Canadian tech execs strengthening ties here

April 11, 2005

BY MICHAEL KRAUSS

Technology executives from Canada's Atlantic Provinces hit Chicago this week. It's part of a broader trade mission to boost commercial ties with Canada's eastern provinces.

Chicago-headquartered Abridean Corp. is a successful Atlantic Canada-to-Chicago tech collaboration. Abridean develops specialized software used by large companies to manage employee access to computer networks.

The computer identity-management software firm was incubated in Halifax, Nova Scotia. Headquarters migrated to Chicago for better reach to global markets.

Sean Sears, Abridean's 44-year-old CEO is a delegate to this week's trade mission and a proponent of the Atlantic Canada-Chicago connection. Sears sees opportunity for more low-cost software development done near-shore in Halifax, rather than in more-distant Bangalore, India, or more expensive Silicon Valley.

"Chicago is a great choice for Abridean," says Sears, who compared Boston and the Windy City. "Chicago is a better market for reaching the U.S. and global markets. It's less expensive. There's a terrific talent base here."

According to Sears, Halifax boasts five universities and a host of IT and biotech startups. He'd like to see more startup companies incubate in Canada and establish offices here.

Helping build bridges to those startups is David Weinstein, president of the Chicagoland Entrepreneurial Center, who chairs a panel on tech transfer this week for the 45 Atlantic Canada trade delegates.

Other members of the panel include David Gulley, University of Illinois at Chicago assistant vice chancellor for research; Carl Gulbrandsen, managing director of WARF, the University of Wisconsin patent-management arm; Tom Thornton, president Illinois Technology Development Alliance, and Neil Kane, co-founder of venture advisory firm Illinois Partners.

Lavin outlines plan

Gov. Blagojevich's point man on economic development, Jack Lavin, head of the state Department of Commerce and Economic Opportunity, outlined a five-point economic development program for 200 people at the City Club of Chicago last week.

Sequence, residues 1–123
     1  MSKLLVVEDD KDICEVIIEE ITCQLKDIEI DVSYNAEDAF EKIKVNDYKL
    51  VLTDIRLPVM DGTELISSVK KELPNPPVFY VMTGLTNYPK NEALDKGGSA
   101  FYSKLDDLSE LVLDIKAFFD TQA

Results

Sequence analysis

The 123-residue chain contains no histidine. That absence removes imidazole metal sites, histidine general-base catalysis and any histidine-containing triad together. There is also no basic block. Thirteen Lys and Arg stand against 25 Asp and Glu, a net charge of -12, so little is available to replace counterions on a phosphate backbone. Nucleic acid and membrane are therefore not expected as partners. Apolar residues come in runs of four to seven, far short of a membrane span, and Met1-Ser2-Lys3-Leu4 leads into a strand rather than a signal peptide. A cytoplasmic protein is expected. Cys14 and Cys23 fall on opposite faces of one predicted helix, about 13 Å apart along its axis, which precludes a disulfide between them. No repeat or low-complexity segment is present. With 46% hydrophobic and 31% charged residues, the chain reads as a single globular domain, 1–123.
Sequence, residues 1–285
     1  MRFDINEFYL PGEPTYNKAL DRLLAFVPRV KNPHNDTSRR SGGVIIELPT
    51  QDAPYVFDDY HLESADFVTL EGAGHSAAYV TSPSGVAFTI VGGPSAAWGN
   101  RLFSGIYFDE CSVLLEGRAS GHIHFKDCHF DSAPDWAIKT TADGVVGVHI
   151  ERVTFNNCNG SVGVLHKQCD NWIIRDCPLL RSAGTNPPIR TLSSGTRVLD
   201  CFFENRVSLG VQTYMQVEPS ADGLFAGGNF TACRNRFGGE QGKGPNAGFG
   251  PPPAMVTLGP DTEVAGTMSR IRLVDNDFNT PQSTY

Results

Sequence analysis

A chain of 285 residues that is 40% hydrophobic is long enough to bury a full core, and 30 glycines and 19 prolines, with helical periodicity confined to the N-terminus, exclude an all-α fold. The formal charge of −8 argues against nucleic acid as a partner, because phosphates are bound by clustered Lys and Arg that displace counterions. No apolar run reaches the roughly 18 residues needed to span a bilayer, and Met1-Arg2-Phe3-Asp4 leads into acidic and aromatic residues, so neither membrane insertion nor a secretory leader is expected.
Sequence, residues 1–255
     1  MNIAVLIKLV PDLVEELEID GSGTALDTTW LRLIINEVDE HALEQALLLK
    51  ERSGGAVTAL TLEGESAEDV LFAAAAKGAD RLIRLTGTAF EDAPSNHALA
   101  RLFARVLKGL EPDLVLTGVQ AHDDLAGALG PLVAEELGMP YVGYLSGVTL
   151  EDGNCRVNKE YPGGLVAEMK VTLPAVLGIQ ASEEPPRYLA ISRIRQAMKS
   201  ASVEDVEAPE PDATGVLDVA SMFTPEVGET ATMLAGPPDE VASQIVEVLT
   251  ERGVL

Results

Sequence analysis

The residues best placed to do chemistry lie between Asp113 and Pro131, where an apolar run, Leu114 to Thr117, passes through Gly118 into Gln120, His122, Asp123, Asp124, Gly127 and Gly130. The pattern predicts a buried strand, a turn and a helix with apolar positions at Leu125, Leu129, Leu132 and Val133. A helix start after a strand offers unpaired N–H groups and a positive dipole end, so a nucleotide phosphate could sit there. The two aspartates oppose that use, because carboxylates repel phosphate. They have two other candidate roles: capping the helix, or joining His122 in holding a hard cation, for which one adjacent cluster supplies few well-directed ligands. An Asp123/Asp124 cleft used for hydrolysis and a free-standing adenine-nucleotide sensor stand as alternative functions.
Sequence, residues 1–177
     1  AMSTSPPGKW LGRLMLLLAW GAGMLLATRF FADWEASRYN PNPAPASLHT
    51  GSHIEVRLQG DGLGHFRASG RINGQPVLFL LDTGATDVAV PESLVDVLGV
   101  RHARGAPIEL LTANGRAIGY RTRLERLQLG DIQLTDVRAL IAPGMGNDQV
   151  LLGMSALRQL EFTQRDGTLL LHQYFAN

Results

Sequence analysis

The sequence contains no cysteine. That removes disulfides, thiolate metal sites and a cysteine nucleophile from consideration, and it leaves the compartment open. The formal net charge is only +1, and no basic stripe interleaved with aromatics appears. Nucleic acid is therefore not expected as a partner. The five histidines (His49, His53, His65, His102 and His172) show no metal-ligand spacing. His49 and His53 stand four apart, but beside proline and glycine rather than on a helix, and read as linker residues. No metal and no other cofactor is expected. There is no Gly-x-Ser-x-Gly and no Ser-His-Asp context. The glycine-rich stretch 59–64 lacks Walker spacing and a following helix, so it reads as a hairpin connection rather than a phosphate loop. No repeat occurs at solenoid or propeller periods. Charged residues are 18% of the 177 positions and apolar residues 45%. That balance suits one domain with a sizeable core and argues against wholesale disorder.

In addition to traditional investments in workforce development and transportation, the program pursues technology industries of the future -- biotech and nanotech -- as well as industries related to national security and energy independence. A continued commitment to support entrepreneurship is a cornerstone of the program.

Lavin commissioned the University of Chicago to "survey key leaders in the business community and gauge attitudes on the economy in Illinois."

Lavin pressed hard for passage of the governor's proposed capital budget saying, "The state is at a tipping point where we can either promote aggressive, progressive, forward-thinking strategies to succeed, or we can rest on our laurels and watch our competitors pass us by."

Among the priorities is $57 million in state funding to match $2 billion in federal funding for Argonne National Labs. Also high on the list is support for Northwestern University's Institute for Nanotechnology.

Lavin seeks backing for the $200 million Illinois Opportunity Fund, which would provide venture capital to Illinois entrepreneurs.

Lavin expects the program to ultimately be self funding, and he adds, "The Illinois Opportunity Fund will barely cost the taxpayers a dime." Lavin stressed other Midwestern states are enacting similar legislation, and warns Illinois will fall behind in economic development without passage of the legislation.

Lavin also outlined programs backing biotech and support for alternative energy efforts in wind power, ethanol fuels and clean coal technology.

Bits & bytes

RFID Journal editor Mark Roberti brings the global leaders of RFID technology (radio frequency identification) to Chicago today at the Sheraton Chicago Hotel and Towers.

Tom Thornton, president Illinois Technology Development Alliance, and Tom Churchwell, managing partner, ARCH Development, welcome three promising Chicago area startups at today's Monday Morning Meeting at the Evanston Hilton.

Presenters are: Mary Jo Gorman, co-founder Advanced ICU Care, a remote intensive care monitoring services provider; Garnet Steen, founder RelyData which helps identity theft victims, and Steve Gately, president, RND Pharmaceuticals, an early stage biopharma firm exploring cancer treatments.

Michael Krauss is a Chicago area tech writer and consultant. 

 

 ©2005 Marion Consulting Partners